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Endangered Cocktails: LA PALOMA


A recent trip to Mexico to learn about tequila introduced me to the joys of a simple, refreshing cocktail called La Paloma.  If you find yourself sick of sipping Margaritas this Cinco de Mayo, we suggest you change it up.  The drink was invented in the tiny town of Tequila in Jalisco, which sleepily charms with cobblestone streets and distilleries nestled between unassuming houses and shops without signs.  The cocktail was created at La Capilla, the oldest bar in town, by Don Javier Delgado Corona, grandson of the bar’s original owner.  It’s essentially a tequila highball made with fresh lime, Squirt or whatever grapefruit soda you prefer (or fresh grapefruit and soda if you wanna get all fancy), served with a salted rim.  It’s simple, refreshing, and far more popular locally than a Margarita.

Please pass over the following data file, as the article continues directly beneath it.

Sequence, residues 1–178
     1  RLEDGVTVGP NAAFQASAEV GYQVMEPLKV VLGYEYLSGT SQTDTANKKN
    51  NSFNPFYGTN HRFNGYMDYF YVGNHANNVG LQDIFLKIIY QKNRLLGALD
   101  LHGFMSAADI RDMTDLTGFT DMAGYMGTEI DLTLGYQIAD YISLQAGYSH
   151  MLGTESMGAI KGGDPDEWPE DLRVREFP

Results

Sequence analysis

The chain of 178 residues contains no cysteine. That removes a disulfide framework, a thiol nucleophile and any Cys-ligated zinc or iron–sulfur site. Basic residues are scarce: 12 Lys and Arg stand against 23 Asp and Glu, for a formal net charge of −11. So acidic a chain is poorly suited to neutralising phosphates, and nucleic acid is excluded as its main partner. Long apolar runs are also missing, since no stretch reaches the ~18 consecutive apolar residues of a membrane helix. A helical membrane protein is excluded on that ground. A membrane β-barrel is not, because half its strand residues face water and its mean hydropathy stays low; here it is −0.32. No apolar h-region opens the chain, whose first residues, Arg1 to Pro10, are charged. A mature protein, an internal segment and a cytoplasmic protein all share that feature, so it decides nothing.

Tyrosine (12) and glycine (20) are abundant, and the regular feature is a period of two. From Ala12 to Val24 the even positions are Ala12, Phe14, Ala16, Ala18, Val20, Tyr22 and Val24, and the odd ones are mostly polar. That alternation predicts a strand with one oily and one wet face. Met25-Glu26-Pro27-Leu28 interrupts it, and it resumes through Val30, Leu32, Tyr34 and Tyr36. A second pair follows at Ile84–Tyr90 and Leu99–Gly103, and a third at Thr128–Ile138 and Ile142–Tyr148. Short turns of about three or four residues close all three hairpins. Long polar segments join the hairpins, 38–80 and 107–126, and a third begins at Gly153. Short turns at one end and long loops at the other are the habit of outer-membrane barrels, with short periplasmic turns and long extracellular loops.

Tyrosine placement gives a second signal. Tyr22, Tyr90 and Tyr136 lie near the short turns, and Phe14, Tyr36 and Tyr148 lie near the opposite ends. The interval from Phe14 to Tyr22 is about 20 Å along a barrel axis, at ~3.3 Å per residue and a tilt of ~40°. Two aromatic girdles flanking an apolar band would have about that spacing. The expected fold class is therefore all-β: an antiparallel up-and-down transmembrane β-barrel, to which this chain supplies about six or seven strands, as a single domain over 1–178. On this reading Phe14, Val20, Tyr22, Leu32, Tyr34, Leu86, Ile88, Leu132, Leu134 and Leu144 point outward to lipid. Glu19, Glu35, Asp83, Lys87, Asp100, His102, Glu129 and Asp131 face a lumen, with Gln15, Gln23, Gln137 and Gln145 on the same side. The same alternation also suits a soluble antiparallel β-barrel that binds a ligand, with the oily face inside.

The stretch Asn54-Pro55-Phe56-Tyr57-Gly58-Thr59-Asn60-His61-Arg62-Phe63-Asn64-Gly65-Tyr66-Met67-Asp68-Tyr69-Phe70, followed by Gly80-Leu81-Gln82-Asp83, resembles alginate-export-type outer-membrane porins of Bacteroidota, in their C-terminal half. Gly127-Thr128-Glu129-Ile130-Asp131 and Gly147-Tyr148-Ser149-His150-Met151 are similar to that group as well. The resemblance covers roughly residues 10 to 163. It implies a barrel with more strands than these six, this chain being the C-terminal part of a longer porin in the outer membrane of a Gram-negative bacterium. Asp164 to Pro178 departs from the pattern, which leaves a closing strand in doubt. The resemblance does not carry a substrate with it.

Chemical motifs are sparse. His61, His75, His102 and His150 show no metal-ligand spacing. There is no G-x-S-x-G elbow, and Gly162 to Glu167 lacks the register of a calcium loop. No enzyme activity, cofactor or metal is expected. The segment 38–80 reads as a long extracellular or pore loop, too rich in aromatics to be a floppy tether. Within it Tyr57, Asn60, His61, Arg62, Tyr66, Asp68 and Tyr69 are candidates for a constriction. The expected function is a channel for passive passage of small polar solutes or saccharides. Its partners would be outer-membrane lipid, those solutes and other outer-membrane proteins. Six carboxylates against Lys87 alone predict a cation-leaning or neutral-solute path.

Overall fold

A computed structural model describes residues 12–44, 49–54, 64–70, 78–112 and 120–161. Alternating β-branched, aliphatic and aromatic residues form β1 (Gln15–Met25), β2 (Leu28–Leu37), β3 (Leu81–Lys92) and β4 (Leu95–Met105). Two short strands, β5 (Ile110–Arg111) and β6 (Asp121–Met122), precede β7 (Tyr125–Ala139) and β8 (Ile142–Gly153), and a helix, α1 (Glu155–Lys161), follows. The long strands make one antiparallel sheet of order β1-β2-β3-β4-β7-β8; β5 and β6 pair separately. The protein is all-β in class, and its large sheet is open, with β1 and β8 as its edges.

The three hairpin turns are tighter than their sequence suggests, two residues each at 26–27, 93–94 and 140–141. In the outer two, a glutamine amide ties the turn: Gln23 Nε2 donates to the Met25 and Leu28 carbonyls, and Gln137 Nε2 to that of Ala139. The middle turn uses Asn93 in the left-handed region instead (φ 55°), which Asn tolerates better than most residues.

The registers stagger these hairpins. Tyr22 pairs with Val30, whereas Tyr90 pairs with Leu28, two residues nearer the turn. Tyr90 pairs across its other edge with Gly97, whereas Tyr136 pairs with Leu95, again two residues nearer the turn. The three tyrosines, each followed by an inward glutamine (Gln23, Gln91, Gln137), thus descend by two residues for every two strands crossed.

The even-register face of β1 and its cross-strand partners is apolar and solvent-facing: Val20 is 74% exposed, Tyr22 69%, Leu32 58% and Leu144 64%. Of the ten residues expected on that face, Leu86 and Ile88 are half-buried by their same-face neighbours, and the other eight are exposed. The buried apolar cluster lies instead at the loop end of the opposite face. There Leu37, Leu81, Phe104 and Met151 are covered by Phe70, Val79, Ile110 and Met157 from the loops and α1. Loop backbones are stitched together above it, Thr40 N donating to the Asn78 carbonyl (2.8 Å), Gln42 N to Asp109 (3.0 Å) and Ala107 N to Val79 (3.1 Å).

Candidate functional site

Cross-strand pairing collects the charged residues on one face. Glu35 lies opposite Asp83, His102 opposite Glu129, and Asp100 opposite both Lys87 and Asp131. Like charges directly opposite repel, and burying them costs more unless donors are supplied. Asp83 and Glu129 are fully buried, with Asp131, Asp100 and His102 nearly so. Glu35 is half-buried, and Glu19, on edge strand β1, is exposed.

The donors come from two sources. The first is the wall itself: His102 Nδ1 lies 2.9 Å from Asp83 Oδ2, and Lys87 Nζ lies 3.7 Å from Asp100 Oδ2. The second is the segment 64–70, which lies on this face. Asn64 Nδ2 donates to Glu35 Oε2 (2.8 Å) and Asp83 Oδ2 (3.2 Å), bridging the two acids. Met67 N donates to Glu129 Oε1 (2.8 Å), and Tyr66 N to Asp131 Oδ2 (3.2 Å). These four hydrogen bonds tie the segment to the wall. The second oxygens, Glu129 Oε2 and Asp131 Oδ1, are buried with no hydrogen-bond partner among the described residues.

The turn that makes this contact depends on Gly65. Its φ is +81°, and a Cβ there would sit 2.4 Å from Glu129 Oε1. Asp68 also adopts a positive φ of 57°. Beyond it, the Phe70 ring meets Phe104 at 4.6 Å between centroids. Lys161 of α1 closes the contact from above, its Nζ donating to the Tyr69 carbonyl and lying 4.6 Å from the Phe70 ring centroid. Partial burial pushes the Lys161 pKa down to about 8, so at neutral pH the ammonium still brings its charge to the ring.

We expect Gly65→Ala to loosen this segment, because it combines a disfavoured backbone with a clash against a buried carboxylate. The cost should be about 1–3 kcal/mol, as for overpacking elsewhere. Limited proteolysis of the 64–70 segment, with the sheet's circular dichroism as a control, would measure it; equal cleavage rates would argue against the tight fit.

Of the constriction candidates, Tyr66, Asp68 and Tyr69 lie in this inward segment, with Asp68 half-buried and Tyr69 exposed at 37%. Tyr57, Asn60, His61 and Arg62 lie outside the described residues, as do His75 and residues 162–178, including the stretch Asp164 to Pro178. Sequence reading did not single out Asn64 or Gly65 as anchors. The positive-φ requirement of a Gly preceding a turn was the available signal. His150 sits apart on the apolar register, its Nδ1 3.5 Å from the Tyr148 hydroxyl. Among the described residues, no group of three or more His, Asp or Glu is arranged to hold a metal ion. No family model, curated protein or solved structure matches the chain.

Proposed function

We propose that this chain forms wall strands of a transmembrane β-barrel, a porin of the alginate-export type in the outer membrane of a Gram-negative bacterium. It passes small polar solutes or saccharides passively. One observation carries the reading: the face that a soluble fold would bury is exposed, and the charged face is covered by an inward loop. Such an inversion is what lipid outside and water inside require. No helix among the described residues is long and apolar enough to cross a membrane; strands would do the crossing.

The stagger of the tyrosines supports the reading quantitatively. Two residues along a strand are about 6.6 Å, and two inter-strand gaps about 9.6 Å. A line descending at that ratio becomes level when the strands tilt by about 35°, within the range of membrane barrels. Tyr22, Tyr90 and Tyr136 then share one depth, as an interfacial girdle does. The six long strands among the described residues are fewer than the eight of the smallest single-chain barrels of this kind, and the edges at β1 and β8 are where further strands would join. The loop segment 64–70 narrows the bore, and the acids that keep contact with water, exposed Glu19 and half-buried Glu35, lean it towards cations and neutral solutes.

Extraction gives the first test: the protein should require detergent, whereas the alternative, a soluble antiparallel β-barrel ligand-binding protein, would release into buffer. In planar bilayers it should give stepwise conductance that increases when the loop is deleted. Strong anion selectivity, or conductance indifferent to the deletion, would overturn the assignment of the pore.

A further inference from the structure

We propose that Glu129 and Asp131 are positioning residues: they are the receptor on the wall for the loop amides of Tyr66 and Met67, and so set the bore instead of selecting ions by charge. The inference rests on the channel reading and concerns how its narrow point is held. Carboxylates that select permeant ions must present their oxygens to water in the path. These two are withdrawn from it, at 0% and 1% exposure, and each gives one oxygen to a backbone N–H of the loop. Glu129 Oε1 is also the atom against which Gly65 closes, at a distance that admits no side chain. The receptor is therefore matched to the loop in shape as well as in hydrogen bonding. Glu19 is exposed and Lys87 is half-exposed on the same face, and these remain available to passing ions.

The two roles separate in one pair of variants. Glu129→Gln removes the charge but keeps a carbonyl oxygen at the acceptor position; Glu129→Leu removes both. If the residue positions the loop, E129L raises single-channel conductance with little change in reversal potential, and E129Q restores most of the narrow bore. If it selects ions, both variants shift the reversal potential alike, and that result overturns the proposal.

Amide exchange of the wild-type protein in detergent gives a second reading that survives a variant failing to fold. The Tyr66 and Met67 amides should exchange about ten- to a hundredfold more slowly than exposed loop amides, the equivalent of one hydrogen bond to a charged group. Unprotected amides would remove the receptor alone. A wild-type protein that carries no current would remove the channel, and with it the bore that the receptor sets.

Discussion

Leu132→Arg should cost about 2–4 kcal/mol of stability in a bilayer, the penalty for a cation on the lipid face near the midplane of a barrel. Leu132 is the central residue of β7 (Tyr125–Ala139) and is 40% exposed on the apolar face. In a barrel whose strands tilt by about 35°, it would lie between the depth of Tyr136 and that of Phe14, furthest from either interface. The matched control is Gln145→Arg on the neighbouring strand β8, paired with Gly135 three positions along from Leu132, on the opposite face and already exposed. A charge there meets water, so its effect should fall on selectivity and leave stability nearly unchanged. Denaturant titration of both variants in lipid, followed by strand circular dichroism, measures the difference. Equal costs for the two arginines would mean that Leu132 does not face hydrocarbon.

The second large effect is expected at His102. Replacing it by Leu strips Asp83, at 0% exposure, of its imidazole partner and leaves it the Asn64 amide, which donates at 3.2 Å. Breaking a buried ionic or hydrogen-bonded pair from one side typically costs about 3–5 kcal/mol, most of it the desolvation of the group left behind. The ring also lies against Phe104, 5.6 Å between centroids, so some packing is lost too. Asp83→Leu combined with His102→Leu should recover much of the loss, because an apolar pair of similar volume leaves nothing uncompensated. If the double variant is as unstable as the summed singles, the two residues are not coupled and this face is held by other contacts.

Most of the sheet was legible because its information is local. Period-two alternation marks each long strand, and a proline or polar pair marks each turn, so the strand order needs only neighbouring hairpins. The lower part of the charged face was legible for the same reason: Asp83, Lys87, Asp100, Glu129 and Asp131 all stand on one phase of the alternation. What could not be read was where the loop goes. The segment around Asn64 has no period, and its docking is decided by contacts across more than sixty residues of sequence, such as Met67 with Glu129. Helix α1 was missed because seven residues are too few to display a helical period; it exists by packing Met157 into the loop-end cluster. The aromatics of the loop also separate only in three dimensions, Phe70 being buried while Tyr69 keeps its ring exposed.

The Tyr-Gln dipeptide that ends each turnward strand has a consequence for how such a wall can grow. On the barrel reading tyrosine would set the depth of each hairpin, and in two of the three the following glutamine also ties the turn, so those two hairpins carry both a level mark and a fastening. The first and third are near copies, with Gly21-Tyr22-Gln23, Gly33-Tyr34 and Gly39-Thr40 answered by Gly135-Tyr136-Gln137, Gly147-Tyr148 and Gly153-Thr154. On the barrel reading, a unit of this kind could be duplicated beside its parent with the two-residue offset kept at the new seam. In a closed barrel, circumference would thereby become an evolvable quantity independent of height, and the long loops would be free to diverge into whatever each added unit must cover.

Don Javier still holds forth at La Capilla.  Imagine yourself sitting down with him, while at one end of the bar a mustachioed barman cuts fresh avocados and squeezes lime into a wooden bowl, prepping fresh, chunky guacamole.  At another, a kid no older than 17 and a middle-school-aged barback pour drinks, squeezing fresh lime into highballs for Palomas, Batangas and shots of tequila. The roving band will come by in no time.

2 ounces reposado tequila
½ ounce fresh lime juice
3 dashes Absinthe
Grapefruit soda (Squirt, Jarrito’s or fresh grapefruit juice and soda water)

Combine tequila and lime juice in a highball or Collins glass rimmed with salt.
Add ice and top with grapefruit soda.

Cin Cin!